Trauma is one possible outcome of exposure to adversity. Trauma occurs when a person perceives an event or set of circumstances as extremely frightening, harmful, or threatening—either emotionally, physically, or both. With trauma, a child’s experience of strong negative emotions (e.g., terror or helplessness) and physiological symptoms (e.g., rapid heartbeat, bed-wetting, stomach aches) may develop soon afterward and continue well beyond their initial exposure. Certain types of childhood adversity are especially likely to cause trauma reactions in children, such as the sudden loss of a family member, a natural disaster, a serious car accident, or a school shooting. Other childhood adversities (e.g., parental separation or divorce) tend to be associated with more variability in children’s reactions and may or may not be experienced by a child as trauma. Childhood trauma is associated with problems across multiple domains of development. However, trauma affects each child differently, depending on his or her individual, family, and environmental risk and protective factors. For example, two children who experience the same type of adversity may respond in distinct ways: One may recover quickly without significant distress, whereas another may develop posttraumatic stress disorder (PTSD) and benefit from professional help (for example, the services and supports that comprise trauma-informed care).

Toxic stress can occur when a child experiences adversity that is extreme, long-lasting, and severe (e.g., chronic neglect, domestic violence, severe economic hardship) without adequate support from a caregiving adult. Specifically, childhood adversities, including ACEs, can over-activate the child’s stress response system, wearing down the body and brain over time. This overactivation is referred to as toxic stress and is the primary way in which adversity damages a child’s development and well-being. The extent to which a child’s stress response to adversity becomes toxic and leads to serious health and mental health problems in adulthood also depends on the child’s biological makeup (e.g., genetic vulnerabilities, prior experiences that have damaged the stress response system or limited healthy gene expression) and the characteristics of the adverse events or conditions (e.g., intensity, duration, whether a caregiver caused the child harm).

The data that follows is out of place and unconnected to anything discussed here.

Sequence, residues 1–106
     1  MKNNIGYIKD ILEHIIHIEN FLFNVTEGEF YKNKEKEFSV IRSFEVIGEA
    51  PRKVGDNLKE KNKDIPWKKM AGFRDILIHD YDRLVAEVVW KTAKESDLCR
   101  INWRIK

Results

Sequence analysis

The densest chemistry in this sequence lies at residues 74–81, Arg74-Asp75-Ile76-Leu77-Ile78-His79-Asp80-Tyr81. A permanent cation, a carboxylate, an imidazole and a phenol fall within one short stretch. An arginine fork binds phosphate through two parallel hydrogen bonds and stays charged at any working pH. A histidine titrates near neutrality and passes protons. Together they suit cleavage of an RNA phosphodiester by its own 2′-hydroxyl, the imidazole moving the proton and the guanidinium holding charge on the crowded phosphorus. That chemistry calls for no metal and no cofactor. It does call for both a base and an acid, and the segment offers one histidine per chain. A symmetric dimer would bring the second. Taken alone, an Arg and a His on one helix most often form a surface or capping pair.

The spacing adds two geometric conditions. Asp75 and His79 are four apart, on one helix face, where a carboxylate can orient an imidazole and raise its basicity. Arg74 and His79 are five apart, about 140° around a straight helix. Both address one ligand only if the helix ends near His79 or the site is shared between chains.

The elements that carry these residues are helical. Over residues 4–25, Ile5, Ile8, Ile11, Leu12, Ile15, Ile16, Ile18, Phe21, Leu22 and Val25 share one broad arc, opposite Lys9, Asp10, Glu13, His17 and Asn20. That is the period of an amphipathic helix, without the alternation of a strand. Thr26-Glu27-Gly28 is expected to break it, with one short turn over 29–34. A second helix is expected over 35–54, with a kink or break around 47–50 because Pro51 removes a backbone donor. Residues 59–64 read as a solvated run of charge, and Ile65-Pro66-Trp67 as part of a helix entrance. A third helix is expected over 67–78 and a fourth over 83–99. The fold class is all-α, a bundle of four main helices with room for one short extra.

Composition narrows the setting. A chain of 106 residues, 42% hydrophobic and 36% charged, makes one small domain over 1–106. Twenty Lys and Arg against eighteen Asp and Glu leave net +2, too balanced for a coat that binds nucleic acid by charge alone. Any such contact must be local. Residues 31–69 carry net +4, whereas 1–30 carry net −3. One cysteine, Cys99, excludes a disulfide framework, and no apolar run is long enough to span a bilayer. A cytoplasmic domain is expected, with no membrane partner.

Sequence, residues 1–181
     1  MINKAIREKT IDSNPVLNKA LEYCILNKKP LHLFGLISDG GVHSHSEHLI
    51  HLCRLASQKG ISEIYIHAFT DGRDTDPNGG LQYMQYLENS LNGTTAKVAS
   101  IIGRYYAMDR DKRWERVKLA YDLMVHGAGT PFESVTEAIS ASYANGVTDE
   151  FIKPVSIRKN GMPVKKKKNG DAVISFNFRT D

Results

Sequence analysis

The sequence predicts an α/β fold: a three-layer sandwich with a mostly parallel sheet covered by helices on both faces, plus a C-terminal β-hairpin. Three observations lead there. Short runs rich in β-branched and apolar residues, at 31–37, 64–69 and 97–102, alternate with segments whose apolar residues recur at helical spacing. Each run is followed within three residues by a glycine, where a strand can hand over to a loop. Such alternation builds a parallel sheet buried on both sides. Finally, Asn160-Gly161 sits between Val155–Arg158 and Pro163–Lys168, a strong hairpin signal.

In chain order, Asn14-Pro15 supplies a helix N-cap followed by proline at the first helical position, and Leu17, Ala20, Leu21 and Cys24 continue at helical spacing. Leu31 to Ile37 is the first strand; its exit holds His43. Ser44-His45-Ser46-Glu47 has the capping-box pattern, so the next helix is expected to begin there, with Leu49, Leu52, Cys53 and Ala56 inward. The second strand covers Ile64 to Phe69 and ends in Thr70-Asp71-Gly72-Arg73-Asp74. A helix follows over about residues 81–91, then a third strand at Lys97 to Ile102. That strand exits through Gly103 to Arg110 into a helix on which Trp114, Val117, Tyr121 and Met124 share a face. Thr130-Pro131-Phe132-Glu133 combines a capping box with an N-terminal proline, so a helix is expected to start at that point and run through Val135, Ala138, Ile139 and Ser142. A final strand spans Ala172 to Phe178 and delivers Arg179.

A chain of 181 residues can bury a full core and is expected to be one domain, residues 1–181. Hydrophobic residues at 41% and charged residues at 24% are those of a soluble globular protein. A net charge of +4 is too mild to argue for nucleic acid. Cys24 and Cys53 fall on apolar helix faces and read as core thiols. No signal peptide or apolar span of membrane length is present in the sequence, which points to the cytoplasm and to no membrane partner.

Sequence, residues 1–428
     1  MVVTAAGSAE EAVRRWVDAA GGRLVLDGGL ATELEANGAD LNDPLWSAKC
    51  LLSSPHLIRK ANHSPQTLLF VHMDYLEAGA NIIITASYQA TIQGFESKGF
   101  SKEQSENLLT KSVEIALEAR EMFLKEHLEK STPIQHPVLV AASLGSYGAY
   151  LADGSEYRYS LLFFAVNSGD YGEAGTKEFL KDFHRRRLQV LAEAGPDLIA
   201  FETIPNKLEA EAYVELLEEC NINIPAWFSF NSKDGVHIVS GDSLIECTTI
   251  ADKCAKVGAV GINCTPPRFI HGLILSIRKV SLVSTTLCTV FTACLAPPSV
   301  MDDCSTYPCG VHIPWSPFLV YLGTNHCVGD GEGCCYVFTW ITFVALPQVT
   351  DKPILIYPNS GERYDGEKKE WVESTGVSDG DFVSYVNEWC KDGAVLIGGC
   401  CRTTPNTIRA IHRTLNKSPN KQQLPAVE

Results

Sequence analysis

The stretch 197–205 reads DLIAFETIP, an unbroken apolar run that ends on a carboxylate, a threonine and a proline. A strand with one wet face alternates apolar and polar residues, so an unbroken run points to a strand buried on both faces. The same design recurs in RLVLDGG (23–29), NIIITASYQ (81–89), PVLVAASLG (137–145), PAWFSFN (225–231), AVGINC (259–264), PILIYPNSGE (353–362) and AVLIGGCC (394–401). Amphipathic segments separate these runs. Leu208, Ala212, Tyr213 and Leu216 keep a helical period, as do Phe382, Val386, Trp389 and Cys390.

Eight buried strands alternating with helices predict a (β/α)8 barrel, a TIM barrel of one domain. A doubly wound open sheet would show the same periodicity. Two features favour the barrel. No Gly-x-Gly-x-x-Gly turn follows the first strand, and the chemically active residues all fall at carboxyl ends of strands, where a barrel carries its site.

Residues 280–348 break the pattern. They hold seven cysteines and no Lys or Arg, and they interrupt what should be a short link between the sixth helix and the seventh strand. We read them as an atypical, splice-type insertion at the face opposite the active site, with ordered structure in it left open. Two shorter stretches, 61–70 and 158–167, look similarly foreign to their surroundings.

The increased public understanding that childhood adversity, including ACEs, can cause trauma and toxic stress—and, in turn, have a lasting impact on children’s physical and mental health—presents an important opportunity to turn this awareness into action. For example, caregivers and other practitioners can learn about and implement trauma-informed care in child and family service systems. However, we must also take caution to avoid an exclusive focus on ACEs at the expense of understanding the full range of childhood adversity and considerable variation in children’s responses to it. Otherwise, we risk allowing some of the most vulnerable children who are in need of support to fall through the cracks while pathologizing and overtreating other children who do not need services.

2019 Prevention Resource Guide 
U.S. Department of Health and Human Services’ Children’s Bureau
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April 10, 2019 
"The 2019 Prevention Resource Guide plays an important role in these efforts—offering support to community service providers as they work with parents, caregivers, and children to prevent child maltreatment and promote social and emotional well-being. To do so, the Resource Guide focuses on protective factors that build on family strengths and promote optimal child and youth development. Information about protective factors is augmented with tools and strategies that help providers integrate the factors into community programs and systems. Agencies, policymakers, advocates, service providers, and parents alike will find resources in this guide to help them promote these important elements within their families and communities."
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Substance Abuse and Infant/Toddler Foster Care Increase
Child Trends
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March 12, 2019